Sure enough, the department review of six years found that while 5,307 crimes were under-reported (for example, calling an aggravated assault a simple assault), 1,176 crimes were over-reported as more serious than they actually were. The adjusted totals for 2011, the key year — and the basis for the entire Journal Sentinel attack — showed crime actually declined by more than the department originally reported.

The review also found that computer errors were actually higher under  Flynn’s predecessor, Chief Nan Haggerty, further undercutting the newspaper’s suggestion that Flynn was cooking the books.

The results, presented at a Common Council meeting provoked outrage from aldermen, most of which the newspaper of record chose not to report. As Alderman Jim Bohl put it, the newspaper’s “smoking gun has just turned into a pop gun.” Bohl called on the newspaper to admit the problems with its reporting. “If you are a responsible publication then you report it.” His quotes never made it into the JS story on the meeting.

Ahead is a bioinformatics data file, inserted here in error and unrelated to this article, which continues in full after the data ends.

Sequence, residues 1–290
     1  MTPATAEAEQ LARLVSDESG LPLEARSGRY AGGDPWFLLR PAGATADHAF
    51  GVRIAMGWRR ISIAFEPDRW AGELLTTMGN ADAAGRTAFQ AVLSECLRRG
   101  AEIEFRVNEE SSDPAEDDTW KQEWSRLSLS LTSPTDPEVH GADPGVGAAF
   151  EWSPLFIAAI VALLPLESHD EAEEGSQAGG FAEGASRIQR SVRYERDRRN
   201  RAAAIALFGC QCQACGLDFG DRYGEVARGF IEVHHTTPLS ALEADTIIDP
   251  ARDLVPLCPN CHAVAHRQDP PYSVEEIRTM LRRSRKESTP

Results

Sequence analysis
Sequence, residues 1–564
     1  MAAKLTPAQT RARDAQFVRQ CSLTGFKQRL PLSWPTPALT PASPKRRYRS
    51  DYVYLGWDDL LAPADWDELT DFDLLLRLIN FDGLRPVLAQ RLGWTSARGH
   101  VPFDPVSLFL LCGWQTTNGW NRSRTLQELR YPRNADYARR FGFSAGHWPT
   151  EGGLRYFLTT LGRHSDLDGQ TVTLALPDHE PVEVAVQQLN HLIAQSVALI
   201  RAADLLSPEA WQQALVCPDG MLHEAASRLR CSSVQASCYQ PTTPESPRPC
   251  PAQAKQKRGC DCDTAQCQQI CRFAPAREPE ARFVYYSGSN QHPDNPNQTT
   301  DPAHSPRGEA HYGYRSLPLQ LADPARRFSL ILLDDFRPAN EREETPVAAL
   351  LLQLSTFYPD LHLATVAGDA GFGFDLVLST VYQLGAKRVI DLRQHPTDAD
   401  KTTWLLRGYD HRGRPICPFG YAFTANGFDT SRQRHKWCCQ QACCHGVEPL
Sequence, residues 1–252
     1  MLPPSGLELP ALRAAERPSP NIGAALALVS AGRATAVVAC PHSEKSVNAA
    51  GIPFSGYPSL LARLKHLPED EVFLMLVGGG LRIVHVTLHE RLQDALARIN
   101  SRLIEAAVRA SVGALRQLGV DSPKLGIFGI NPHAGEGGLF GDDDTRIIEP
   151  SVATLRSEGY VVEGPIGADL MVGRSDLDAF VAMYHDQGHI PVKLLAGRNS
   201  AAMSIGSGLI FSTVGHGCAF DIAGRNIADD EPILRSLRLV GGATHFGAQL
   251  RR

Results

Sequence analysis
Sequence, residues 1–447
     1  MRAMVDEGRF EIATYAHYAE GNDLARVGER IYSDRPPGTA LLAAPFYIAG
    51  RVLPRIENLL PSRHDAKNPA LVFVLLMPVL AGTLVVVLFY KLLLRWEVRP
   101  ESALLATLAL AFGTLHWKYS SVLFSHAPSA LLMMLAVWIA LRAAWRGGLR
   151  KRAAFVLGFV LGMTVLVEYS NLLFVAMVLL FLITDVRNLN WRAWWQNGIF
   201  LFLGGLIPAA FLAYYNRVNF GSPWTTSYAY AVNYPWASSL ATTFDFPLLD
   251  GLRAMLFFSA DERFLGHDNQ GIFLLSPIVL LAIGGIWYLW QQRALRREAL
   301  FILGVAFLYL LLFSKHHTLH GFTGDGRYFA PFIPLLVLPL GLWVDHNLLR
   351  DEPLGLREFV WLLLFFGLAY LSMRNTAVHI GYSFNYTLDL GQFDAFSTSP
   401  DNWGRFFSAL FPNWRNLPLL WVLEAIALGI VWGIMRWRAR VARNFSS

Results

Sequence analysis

Alderman Joe Davis noted that he hadn’t heard from one member of the police department complaining that he or she was instructed to misclassify data. The newspaper didn’t report this.

Nine alderman published a statement accusing the newspaper of misleading the public. The newspaper did report this, but did not link readers to the statement, didn’t publish it in its entirety and didn’t quote some of the strongest charges, including these:

“It should be noted,” the aldermen declared, “that before issuing this statement many of us pleaded with the reporters and editors at the Journal Sentinel to correct their own mistakes. They refused.”

The paper “went beyond facts, and it used poor methodology to get there. In statistical jargon, it ‘failed to set a baseline for comparison’ when it asserted that crime was up, not down. This was immediately obvious to anyone with any statistical background who reviewed its coverage. This was pointed out to the paper repeatedly — but it stuck with its story.”

“We will not speculate as to why the paper of record… has spent weeks misleading the public. But the facts are that it has and the public should know.